UK & World News
Bahrain: Why Grand Prix Is A No-Win Situation
There seems little doubt now that the Bahrain Grand Prix will go ahead despite the efforts of protesters in the country and a sizeable body of public opinion across the world that it should have been called off.
In reality it should never have been put on. Not because of politics (more on that later) but because it was always going to be a catalyst for public disorder that would cause division, violence and death in a country struggling through a period of massive upheaval and potential change.
Formula One and its money men knew this would happen; they did the research. They just decided to say to themselves, as always, follow the money. It flows from Bahrain straight into their bank accounts.
The race teams and their drivers tinkering with their engines this morning will do their best to pretend they are in the "sporting world" and what's going on outside the pit lane and the race track is nothing to do with them.
They spend their working lives cocooned in ludicrous five-star luxury most of the time so they may successfully carry off this blinkered view of the real world for the time being; or they may not.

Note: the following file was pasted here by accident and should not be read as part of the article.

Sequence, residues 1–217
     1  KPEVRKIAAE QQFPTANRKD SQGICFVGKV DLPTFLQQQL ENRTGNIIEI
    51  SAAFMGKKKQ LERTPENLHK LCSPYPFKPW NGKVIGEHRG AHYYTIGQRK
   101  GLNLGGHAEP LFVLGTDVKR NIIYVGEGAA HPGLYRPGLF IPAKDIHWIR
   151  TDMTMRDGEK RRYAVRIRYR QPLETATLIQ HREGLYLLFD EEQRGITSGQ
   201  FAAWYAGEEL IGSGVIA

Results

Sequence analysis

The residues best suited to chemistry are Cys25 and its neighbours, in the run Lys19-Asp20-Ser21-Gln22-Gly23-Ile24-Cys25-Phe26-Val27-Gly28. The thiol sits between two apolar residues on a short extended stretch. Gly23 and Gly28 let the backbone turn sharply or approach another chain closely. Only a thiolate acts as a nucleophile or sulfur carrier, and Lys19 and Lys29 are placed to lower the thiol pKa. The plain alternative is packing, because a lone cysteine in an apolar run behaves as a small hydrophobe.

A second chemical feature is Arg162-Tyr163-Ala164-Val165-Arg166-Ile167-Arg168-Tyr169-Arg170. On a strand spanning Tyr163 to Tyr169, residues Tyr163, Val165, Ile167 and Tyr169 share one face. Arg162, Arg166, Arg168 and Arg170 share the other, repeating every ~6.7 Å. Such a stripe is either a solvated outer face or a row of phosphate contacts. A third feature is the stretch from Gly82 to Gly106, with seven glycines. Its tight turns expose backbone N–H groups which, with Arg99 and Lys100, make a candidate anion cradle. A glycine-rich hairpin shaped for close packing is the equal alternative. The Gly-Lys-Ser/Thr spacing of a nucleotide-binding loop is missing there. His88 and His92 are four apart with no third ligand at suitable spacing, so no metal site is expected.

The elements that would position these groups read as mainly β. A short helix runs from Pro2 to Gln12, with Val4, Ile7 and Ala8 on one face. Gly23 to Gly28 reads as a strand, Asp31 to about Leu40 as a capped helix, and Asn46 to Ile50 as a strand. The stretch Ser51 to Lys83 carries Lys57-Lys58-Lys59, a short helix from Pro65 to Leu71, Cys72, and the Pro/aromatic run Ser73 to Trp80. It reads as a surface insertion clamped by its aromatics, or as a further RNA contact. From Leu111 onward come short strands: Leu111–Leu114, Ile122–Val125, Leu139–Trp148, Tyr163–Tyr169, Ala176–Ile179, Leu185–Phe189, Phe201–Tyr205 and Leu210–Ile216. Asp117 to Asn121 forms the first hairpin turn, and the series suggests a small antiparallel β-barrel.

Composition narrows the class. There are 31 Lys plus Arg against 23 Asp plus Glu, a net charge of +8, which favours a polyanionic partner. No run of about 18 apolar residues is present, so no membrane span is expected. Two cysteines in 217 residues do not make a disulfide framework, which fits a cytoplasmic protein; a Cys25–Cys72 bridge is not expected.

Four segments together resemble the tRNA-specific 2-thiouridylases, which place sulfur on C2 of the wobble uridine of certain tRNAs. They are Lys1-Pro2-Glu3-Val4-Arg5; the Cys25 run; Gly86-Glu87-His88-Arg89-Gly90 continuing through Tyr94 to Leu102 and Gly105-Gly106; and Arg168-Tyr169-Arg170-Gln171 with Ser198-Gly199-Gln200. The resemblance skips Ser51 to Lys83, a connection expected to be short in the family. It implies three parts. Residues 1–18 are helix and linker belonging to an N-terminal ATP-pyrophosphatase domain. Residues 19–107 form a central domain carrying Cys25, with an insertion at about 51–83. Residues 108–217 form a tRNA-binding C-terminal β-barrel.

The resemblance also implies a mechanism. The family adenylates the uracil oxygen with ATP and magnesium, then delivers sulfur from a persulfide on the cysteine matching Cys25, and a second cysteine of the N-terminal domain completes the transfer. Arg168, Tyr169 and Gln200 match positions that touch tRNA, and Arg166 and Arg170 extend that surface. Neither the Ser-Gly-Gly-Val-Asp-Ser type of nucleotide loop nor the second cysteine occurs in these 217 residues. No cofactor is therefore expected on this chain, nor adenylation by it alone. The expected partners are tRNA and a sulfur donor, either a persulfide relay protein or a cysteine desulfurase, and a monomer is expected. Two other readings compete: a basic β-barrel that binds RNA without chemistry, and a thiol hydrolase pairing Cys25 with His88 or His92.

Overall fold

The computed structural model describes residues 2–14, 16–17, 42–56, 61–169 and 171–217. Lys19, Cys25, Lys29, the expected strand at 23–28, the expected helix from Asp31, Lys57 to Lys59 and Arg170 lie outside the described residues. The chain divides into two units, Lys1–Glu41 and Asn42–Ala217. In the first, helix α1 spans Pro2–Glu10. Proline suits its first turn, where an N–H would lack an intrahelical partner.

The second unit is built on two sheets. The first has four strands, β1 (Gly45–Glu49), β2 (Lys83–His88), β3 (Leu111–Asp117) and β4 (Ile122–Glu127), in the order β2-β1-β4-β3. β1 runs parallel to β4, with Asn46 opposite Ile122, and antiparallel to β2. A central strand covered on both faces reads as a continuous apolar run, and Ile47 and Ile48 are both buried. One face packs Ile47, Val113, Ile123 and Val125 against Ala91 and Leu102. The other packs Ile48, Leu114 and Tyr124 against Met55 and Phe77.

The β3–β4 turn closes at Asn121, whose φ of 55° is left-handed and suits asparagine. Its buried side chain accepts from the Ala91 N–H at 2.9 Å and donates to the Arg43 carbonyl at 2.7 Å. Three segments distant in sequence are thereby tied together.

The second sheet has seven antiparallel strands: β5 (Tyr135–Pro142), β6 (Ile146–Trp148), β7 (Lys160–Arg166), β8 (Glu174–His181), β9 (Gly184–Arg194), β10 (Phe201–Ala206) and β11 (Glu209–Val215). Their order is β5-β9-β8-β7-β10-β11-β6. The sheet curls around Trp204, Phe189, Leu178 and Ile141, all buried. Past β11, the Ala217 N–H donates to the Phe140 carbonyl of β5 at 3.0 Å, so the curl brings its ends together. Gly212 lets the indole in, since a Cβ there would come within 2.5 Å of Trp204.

Funny thing about this "sport" is that a good number, if not the majority, are well-educated or privileged or rich or a mix of all, and they are certainly not stupid.
They are like the sporting equivalent of Nasa. The space agency employees, of course, have an excuse as they are thinking about stuff on another planet. Formula One teams have just put themselves on their own one.
Unfortunately, few - outside those who support the government of Bahrain or are "petrol heads" who don't care or have financial ties to the event or don't want their duty-free expat lives messed up or who hate Shia Muslims in general and stroppy Shia protestors in particular - could possibly think this was ever a "good idea".
Bahrain is in the midst of a difficult stage in its development. The government has taken a battering from abroad and is attempting to bring about change.
Many would argue it is pitifully slow to the point of being a cynical abuse of the word "change", but things have moved on a bit in the last year.
The point is that there are thousands upon thousands of ordinary Bahraini people who are discriminated against and marginalised and are second class citizens in their own country because they are not part of the Sunni minority.
They don't throw petrol bombs and they try to hold down jobs but they DO protest. For that many have been criminalised and branded as Iranian stooges.
One must accept that these are all issues for Bahrain and not for outsiders to get involved in; and it is absolutely true.
So when one knows this stuff is going on - don't go there; stay on your own planet.
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